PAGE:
The Neighbourhood Plan website is now live and will be used for all future posts on the plan.
Update August 2020
The Neighbourhood Plan has been in ‘hibernation’ for a couple of years because of uncertainty surrounding Newcastle and Stoke’s Joint Local Plan. The Neighbourhood Plan needs to be passed by the local authority and without some idea of their direction of travel with regard to housing, it was impossible for us to proceed with our own housing policy. The JLP is now moving again and a public consultation regarding the draft has allowed us to move forward. We secured funding from Locality and employed Urban Vision as our consultants. They recommended a simplification and restructuring of our draft plan and a reduction in the number of policies. We have made good progress and are now finalising the policies. We have also received funding for help from AECOM in developing design codes for housing.
Joint Local Plan
Following the restart of the Joint Local Plan, Keele and Silverdale Parish Councils attended a series of workshops on Newcastle’s plans, as the landowner of the Keele Golf Course, to develop the site for around 1000 new homes. Both Councils were unable to endorse the plan as it stood and had a variety of concerns including the sustainability of such a development and its impact on local services. We await the publication of the draft JLP which is scheduled for the Autumn.
Further information is available on the Neighbourhood Plan Website.
Legislation was introduced and funding provided to allow local communities to develop their own detailed plans to complement local authority planning. Chapel and Hill Chorlton, Maer and Aston and Whitmore parishes and Loggerheads parish have already formed Neighbourhood Planning groups and are actively developing their plans. NuLBC are appointing an officer to assist with the development of such plans which are approved by independent assessors and are binding upon local authorities.
A Neighbourhood Plan can:
- Decide where and what type of development should happen in the neighbourhood.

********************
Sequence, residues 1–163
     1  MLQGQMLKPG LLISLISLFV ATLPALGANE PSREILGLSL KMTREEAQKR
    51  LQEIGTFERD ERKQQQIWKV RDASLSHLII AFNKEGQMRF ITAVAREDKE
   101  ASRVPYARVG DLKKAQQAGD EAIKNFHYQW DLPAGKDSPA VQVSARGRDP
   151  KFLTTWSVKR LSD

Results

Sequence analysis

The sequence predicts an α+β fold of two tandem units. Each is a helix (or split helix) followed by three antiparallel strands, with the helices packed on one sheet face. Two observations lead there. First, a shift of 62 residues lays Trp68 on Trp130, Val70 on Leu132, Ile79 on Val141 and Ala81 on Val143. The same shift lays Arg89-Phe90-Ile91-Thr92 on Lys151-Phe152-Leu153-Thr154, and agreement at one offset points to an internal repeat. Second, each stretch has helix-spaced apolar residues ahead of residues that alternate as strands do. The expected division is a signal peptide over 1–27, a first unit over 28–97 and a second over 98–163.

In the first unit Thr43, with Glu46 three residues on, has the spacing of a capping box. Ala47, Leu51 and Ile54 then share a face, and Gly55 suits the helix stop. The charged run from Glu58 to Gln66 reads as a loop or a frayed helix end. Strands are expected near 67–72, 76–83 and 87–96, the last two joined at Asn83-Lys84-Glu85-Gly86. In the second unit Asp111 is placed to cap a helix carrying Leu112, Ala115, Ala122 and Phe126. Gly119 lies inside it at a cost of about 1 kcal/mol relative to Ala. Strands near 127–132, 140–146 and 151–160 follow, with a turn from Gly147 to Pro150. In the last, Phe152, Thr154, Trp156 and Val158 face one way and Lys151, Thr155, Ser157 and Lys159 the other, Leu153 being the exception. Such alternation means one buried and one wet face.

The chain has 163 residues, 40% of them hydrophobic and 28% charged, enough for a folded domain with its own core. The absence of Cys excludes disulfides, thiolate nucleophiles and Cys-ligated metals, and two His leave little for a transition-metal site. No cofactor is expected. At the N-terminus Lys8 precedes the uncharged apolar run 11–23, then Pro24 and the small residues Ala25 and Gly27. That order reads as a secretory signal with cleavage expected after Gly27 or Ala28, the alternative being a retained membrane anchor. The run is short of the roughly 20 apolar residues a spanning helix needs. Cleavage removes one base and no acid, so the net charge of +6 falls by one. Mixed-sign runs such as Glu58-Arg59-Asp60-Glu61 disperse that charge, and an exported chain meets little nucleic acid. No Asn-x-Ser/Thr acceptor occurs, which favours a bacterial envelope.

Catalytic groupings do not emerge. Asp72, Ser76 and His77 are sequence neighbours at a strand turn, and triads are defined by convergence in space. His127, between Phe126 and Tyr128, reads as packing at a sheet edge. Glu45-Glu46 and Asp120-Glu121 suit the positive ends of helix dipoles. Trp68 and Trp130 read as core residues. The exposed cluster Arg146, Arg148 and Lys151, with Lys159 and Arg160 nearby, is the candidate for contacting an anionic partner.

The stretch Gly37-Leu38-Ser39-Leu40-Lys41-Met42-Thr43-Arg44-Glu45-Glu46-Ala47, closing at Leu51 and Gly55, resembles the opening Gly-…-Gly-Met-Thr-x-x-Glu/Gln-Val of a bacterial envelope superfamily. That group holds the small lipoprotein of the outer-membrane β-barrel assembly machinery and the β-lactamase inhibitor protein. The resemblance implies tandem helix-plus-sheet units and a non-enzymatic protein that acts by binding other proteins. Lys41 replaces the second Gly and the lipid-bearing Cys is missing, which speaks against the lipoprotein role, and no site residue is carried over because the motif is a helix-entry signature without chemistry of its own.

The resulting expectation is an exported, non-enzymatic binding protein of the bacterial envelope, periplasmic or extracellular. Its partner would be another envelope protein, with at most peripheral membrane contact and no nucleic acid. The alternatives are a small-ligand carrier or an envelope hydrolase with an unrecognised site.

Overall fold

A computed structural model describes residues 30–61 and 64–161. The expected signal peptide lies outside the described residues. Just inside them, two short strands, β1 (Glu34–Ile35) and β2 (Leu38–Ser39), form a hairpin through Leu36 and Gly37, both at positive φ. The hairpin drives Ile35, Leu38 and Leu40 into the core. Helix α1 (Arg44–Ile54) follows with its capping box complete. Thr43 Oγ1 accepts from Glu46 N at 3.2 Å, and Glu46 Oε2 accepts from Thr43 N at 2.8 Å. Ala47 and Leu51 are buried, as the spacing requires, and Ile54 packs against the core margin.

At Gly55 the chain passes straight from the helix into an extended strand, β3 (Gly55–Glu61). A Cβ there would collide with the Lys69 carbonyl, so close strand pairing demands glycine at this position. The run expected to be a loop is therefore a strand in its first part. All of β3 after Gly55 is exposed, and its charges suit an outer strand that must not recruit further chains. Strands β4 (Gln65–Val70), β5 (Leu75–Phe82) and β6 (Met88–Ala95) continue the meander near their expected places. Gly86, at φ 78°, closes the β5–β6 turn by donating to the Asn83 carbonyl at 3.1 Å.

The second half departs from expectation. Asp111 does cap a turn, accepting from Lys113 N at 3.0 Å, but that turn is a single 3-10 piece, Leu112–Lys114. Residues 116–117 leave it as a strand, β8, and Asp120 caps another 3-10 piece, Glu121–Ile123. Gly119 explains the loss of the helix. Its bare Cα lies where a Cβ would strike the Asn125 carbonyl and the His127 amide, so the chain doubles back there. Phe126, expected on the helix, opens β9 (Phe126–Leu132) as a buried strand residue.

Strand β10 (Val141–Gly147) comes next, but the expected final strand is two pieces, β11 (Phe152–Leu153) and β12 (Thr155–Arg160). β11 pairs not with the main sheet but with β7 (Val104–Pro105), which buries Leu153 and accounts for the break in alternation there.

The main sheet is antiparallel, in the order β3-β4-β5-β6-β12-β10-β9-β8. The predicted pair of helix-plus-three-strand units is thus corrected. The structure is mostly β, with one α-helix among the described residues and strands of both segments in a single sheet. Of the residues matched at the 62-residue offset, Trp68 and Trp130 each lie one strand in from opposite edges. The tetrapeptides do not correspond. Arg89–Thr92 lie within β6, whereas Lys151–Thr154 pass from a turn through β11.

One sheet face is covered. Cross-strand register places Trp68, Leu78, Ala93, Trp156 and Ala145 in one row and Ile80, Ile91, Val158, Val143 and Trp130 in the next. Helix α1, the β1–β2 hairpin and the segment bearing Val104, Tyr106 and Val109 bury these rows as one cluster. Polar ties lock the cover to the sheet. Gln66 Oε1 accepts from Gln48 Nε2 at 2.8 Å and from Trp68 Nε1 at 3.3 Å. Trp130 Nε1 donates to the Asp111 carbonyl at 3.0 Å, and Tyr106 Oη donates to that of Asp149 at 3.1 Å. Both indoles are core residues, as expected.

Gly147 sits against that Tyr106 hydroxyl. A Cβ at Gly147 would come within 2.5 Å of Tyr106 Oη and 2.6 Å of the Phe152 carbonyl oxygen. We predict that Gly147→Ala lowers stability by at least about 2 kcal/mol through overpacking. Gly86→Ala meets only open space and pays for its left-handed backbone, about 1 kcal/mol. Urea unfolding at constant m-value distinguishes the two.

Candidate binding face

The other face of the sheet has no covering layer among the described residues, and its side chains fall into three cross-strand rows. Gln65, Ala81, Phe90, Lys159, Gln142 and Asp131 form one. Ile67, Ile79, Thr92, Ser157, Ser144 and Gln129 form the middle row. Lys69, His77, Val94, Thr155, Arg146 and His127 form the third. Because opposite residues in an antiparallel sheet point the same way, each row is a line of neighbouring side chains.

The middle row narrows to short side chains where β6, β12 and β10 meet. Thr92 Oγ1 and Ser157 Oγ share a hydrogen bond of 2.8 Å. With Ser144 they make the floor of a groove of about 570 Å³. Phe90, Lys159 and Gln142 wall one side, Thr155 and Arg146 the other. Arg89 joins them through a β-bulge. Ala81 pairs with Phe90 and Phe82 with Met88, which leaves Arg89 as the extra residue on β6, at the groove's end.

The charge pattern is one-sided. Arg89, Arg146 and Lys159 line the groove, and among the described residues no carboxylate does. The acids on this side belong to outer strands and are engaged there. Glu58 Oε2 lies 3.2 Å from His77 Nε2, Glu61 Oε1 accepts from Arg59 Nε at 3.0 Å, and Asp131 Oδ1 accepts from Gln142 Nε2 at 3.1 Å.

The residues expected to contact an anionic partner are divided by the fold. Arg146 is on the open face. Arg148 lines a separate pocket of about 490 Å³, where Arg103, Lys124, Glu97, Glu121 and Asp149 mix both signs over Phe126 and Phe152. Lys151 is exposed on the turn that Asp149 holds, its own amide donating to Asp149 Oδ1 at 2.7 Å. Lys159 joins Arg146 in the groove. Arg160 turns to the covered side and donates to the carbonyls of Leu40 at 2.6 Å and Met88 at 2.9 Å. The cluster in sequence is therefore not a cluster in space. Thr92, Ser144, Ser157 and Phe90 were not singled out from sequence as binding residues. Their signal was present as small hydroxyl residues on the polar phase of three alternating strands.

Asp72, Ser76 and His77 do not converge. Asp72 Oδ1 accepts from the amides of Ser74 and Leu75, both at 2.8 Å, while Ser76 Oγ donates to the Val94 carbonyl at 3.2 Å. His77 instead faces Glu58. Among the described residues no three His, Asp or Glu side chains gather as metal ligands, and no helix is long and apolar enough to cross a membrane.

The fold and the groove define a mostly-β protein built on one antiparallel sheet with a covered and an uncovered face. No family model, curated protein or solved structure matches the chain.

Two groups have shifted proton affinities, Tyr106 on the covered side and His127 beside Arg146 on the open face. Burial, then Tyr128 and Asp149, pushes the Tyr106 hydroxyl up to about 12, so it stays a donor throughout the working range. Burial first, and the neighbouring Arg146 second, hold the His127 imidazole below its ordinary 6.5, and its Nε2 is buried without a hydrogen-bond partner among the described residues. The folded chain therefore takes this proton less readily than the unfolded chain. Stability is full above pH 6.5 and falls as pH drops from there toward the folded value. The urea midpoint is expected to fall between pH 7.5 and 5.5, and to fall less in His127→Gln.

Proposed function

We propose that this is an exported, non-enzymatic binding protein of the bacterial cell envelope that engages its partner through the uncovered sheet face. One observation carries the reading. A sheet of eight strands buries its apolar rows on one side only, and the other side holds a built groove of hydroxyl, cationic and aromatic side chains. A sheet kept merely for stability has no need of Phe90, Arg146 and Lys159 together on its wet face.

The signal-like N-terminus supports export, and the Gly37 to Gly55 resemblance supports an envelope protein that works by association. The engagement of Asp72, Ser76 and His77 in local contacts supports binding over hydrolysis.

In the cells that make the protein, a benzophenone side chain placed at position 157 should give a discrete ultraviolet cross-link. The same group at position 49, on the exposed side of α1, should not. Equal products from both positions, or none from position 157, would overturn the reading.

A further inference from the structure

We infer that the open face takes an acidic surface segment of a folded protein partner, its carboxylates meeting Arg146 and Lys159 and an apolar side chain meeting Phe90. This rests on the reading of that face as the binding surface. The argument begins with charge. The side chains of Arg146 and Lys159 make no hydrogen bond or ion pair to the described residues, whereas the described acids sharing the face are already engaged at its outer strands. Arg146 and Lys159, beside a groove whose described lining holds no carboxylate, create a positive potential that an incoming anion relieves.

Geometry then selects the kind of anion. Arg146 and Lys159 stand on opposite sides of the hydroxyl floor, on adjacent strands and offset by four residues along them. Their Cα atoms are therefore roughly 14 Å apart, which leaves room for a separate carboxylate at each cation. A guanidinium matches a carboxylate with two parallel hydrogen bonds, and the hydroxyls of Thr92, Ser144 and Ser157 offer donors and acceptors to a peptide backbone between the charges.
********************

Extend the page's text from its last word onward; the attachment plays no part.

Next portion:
- Promote more development than is set out in the Local Plan.
- Include policies, for example regarding design standards, that take precedence over existing policies in the Local Plan for the neighbourhood – provided the Neighbourhood Plan policies do not conflict with the strategic policies in the Local Plan. In our case, developing a Neighbourhood Plan should allow us to contribute more meaningfully to the development of the Joint Local Plan
A Neighbourhood Plan cannot:
- Conflict with the strategic policies in the Local Plan prepared by the local planning authority.
- Be used to prevent development that is included in the Local Plan.
- Be prepared by a body other than a parish or town council or a neighbourhood forum.
The link above leads to a detailed resource from the Campaign for Rural England.
We need to decide whether we want to develop a Neighbourhood Plan, thir process will begin at the meeting on Wednesday 27th April. We will then need to:
- Recruit volunteers
- Consult with the community about its needs.
- Develop a vision and objectives
- Develop options for the draft plan
- Develop a draft plan
- Consult , revise as necessary and submit to the local authority
- Submit the plan for independent examination
- The plan is adopted
This process typically takes around two years to complete.